The Kottan- The Palmyra Basket of Chettinad

The Kottan- The Palmyra Basket of Chettinad

  • $57.00
    Unit price per 
Tax included. Shipping calculated at checkout.

Book Specification

Item Code: UAL140
Author: Visalakshi Ramaswamy
Publisher: M.Rm.Rm. Cultural Foundation,Tamilnadu
Language: English
Edition: 2013
ISBN: 9788192159409
Pages: 186 (Througout Color Illustrations)
Other Details 10.00 X 8.00 inch
Weight 940 gm

Book Description

About The Book

The Kottan: The Palmyra Basket of Chettinad not only showcases the finest basket weaving tradition of the region, but also serves as an important record of the traditional techniques of kottan basketry that were languishing for decades - till Visalakshi Ramaswamy through the M.Rm.Rm. Cultural Foundation undertook the task of reviving the craft.

The book explores the journey of the beautiful Kottan from its role as a hobby craft in the Chettiar community, to its disappearance and revival. It brings out the history of the Kottan and its traditional uses, details the weaving process and materials, and includes comprehensive design documentation. The intensive revival process and the circumstances of the craftspeople of today complete the story of the Kottan. Awards, international recognition, the Geographical Indications tag and an extensive clientele now ensure that the Kottan today has found a place in the contemporary home: a happy ending to a near tragic tale.

Visalakshi Ramaswamy's vivid recollections of the Kottan in her youth enrich the narrative. The extensive documentation of designs and painstakingly illustrated techniques give the book archival status.

The book is organized into ten richly illustrated chapters, complete with accompanying text and line drawings of the basket making process, a glossary, and over five hundred colour illustrations of traditional and contemporary baskets. The book is a must-read for anyone with an interest in craft, culture and design, and will be indispensable to craftspeople, academics and designers alike.

The M.Rm.Rm. Cultural Foundation started by Visalakshi Ramaswamy in the year 2000 is a non-profit organization that supports and undertakes the documentation of, and works towards the revival of crafts, textiles and architecture that are languishing. The M.Rm.Rm Cultural Foundation's motto is 'Research, Document, Revive', with craft preservation and revival rooted in artisan and community development. It works primarily with local village women to revive craft, and at the same time provides them with a reliable source of income, exposure and a tremendous amount of confidence.

The M.Rm.Rm. Cultural Foundation organizes workshops for craft communities with craft revival, design and marketing in mind, while also helping young members of the community with their education. The Foundation also encourages, supports and sponsors students from design schools to research and document crafts and architecture, and facilitates interaction between students and local craft communities.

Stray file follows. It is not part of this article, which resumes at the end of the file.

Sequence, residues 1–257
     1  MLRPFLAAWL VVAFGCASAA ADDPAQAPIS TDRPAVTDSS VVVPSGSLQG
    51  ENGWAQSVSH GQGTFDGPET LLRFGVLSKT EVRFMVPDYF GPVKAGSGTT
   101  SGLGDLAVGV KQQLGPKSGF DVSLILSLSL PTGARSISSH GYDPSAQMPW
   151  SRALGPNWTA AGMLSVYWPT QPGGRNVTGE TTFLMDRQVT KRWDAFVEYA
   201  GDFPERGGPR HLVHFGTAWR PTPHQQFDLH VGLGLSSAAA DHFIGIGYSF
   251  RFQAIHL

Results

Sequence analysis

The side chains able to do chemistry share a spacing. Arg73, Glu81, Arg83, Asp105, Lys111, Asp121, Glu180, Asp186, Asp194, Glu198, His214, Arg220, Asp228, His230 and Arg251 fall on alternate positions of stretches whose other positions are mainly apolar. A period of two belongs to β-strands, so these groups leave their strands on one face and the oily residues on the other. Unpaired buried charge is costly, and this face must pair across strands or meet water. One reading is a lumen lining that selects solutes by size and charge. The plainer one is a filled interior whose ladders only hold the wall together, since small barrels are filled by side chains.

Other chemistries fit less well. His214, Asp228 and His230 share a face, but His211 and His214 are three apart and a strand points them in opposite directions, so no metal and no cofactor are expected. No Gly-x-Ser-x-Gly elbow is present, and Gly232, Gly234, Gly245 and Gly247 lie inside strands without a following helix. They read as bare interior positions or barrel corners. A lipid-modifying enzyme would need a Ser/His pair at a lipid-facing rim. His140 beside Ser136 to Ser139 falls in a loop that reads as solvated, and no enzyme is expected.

This record of the kottan as the traditional basket of Chettinad captures the history of the basket, what it was in earlier times and its present day condition. I have documented the designs, techniques and styles based on my collection of antique and heirloom kottans. This book is the project of the M.Rm.Rm. Cultural Foundation, a non-profit organization that I started in 2000 to research, document and revive traditional crafts that were languishing - Project Kottan was one of the first initiatives.

The Chettinad kottan is a finely woven palm leaf basket that was a hobby craft with a practical function. Traditionally called the Segappolai kottan because of its distinctive segappu or pinkish red colour, the basket served as a creative yet functional outlet to the industrious Chettiar housewife or Aachis as they were called, whose spare time was not idly wasted.

Crafts and textiles have always been an essential part of my life and I grew up with a deep appreciation for the kottan. It brings to my mind holidays and festivals in Chettinad spent playing with innumerable cousins around the courtyard where my mother and aunts sat chatting as their hands dexterously wove the kaftan. I watched how the beautiful baskets they wove were used in rituals and ceremony, and to store the areca nuts so important to every special occasion. I have also seen them used to sift and clean rice and to store the silk cotton we used to twist into lamp wicks. In a merchant community where the men of the family were Dften away for long stretches of time, this everyday meeting to weave the kottan served to bring the women together, gave them a sense of security, and overcame any feeling of isolation they might have had.

As part of tradition, my mother gifted me kottans and thadukkus (floor mats) to use in my marital home. I remember hearing my mother telling my aunt Kalyani Aachi to buy the thadukkus from Kandavarayanpatti because no one was making them in our village anymore. I understand today why thadukku weaving was not favoured in this hobby craft - the large flat base has to be woven using the feet to hold the warp in place, and the broad width of the square mat necessitates the weaver to place her feet as far apart as possible to get the required size. As a young bride, during my visits to my husband's aunt, I recollect that she frequently sat surrounded by her friends and their basketry materials, and they kept their hands busy weaving kottans even as they conversed.

**Contents and Sample Pages**

We Also Recommend